2021 is a singularly difficult year to be a first-term lawmaker. You can’t get a feel of the place. You can’t have the casual conversations that make life easier. You can’t grab a colleague for a brief word of explanation about something that’s hard to understand.
That said, I have to note a couple of troubling passages in the maiden voyage of Sen. Thomas Chittenden, D-Chittenden. On two separate occasions last month, he acted less like a senator than like a state representative from a specific community. In hearings on Burlington-area transportation improvements and school funding, he spoke entirely on behalf of his hometown, South Burlington.
On February 19, the Senate Transportation Committee held a hearing (video available here) on potential improvements to I-89 in the Burlington area. Nothing’s happening imminently; the committee and VTrans are looking a few decades into the future, assessing options for handling traffic flows that will almost certainly increase from the already heavy volumes of today.
The committee and a VTrans official discussed options for making the Burlington area interchanges work better. One of the options is a new exit on I-89 at US-116/Hinesburg Road. This hypothetical Exit 12-B would provide a direct pipeline into South Burlington.
Well, Chittenden gave a strong (and rather parochial) endorsement to the 12-B idea.
Senate Finance Committee chair Ann Cummings is a mixed bag. She’s not the most imaginative or energetic policymaker; she barely bothers to campaign and waltzes to re-election every two years. She’s one of the many veteran senators with a very well-developed sense of entitlement.
On the other hand, she knows her stuff. That’s nothing to sneeze at when it comes to issues as complex as taxes and state revenue.
But that didn’t seem to be the case during a Thursday committee hearing. Quite the opposite; she was shockingly uninformed on one of the biggest financial issues facing state government in 2021. I couldn’t believe it at first, but then she did it again.
The subject was S.59, a bill introduced by Sen. Cheryl Hooker and four other senators. The bill is an attempt to address the glaring shortfalls in the state teachers’ and public employees’ pension funds — an issue brought to the forefront by Treasurer Beth Pearce this year. After having defended the funds throughout her tenure, she started ringing the alarm bell on funding shortfalls and advocating substantial changes.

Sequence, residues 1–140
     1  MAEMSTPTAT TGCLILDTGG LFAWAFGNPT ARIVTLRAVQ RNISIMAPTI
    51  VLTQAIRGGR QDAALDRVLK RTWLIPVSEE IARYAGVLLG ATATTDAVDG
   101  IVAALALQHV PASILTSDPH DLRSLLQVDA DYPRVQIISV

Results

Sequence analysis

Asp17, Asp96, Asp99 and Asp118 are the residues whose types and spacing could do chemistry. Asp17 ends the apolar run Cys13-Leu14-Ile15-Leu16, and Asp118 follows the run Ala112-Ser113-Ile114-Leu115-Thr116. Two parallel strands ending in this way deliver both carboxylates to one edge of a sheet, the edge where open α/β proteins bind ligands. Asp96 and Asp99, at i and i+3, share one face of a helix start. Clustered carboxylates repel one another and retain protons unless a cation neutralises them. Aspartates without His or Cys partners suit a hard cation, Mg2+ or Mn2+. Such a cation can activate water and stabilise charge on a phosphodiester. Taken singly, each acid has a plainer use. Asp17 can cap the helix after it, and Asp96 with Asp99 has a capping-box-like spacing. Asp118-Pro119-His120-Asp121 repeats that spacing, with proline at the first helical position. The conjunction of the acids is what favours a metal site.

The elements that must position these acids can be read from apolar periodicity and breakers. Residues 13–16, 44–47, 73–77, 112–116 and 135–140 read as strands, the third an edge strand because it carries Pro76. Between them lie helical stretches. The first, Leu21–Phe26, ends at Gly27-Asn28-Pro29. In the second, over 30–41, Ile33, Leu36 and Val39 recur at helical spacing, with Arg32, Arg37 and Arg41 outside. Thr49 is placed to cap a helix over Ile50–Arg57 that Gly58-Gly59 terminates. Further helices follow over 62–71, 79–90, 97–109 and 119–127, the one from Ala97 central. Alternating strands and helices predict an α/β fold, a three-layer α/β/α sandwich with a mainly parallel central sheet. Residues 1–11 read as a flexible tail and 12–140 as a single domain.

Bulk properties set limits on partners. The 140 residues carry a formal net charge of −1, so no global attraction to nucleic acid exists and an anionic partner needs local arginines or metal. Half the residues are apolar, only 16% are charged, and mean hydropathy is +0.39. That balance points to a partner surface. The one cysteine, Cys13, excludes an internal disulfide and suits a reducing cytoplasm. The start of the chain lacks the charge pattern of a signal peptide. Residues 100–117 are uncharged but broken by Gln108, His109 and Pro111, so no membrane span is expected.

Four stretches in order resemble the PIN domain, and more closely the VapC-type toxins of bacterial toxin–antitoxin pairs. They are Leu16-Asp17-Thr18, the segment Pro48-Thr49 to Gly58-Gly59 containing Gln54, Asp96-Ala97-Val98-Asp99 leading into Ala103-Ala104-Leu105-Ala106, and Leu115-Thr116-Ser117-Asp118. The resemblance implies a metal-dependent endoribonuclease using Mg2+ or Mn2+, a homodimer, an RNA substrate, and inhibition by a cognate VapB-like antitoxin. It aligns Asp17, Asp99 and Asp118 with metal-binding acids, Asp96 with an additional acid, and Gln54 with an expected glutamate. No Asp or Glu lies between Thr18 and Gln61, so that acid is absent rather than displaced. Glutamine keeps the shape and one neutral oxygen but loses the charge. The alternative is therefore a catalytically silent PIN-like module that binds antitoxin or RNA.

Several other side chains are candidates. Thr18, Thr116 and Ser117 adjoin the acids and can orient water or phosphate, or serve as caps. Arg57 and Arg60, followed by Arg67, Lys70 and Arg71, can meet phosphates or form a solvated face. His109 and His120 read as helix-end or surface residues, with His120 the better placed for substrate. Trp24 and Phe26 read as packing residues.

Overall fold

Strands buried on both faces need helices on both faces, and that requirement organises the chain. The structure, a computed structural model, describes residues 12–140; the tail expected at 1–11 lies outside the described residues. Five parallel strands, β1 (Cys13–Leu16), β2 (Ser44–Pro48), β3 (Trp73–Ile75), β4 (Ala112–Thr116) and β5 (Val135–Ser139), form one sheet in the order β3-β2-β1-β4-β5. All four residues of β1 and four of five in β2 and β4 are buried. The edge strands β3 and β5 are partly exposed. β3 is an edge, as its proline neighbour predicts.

The Dem-dominated Legislature now faces a choice between finding a big new pot of money for the funds, and imposing pain on two of the party’s most important constituencies. S.59 opts for the former; it would add a 3% income tax surcharge on Vermonters with incomes of $500,000 or more, and devote the revenue to filling the hole in the pension funds. Sen. Ruth Hardy, a member of Senate Finance and an S.59 co-sponsor, presented an initial look at the bill. It didn’t go well.
Pearce’s pivot has been the unexpected policy story of 2021 (so far). She’s been making the rounds of relevant legislative committees, laying out the problems and presenting lawmakers with the unpleasant policy choice described in the previous paragraph. On February 4, she offered her pension testimony to Senate Finance.
One week later, Cummings made it clear she didn’t have a clue about Pearce’s position or the status of the pension plans.
Gov. Phil Scott issued his budget address today (YouTube video here). It was an astoundingly pain-free occasion, considering that we’re in the throes of a pandemic that’s been holding our economy hostage for almost a year now. In fact, rather than proposing painful cuts, Scott offered a generous scattering of funds for a wide variety of programs that, he said, will put Vermont on a sounder footing going forward.
How? Simple. The tsunami of federal Covid relief money. Scott’s budget includes $210 million in one-time money from the feds. As we heard from state economists Tom Kavet and Jeffrey Carr last week, federal money has prevented an economic collapse and even contributed to a boom in some sectors.
Throughout his political career, Phil Scott has benefited from little-known and/or underfunded Democratic opposition in races for state senate, lieutenant governor and governor. In his six races for statewide office, the closest result was the 2010 contest for lieutenant governor — seven percentage points over Steve Howard. He gets credit for being an appealing political figure, but he sure hasn’t had to fight very hard.
And now, once again, he’s the luckiest man in Vermont. You’d think a shattering pandemic would lead to massive cutbacks, but no. Scott could once again boast of a budget that wouldn’t increase taxes or “existing fees.” And according to Kavet and Carr, the state economy will continue to be buoyed by federal infusions for the next two fiscal years. Which will make it a lot easier to craft a pain-free state budget again next year and, if he runs for a fourth term, he may well be unbeatable once again.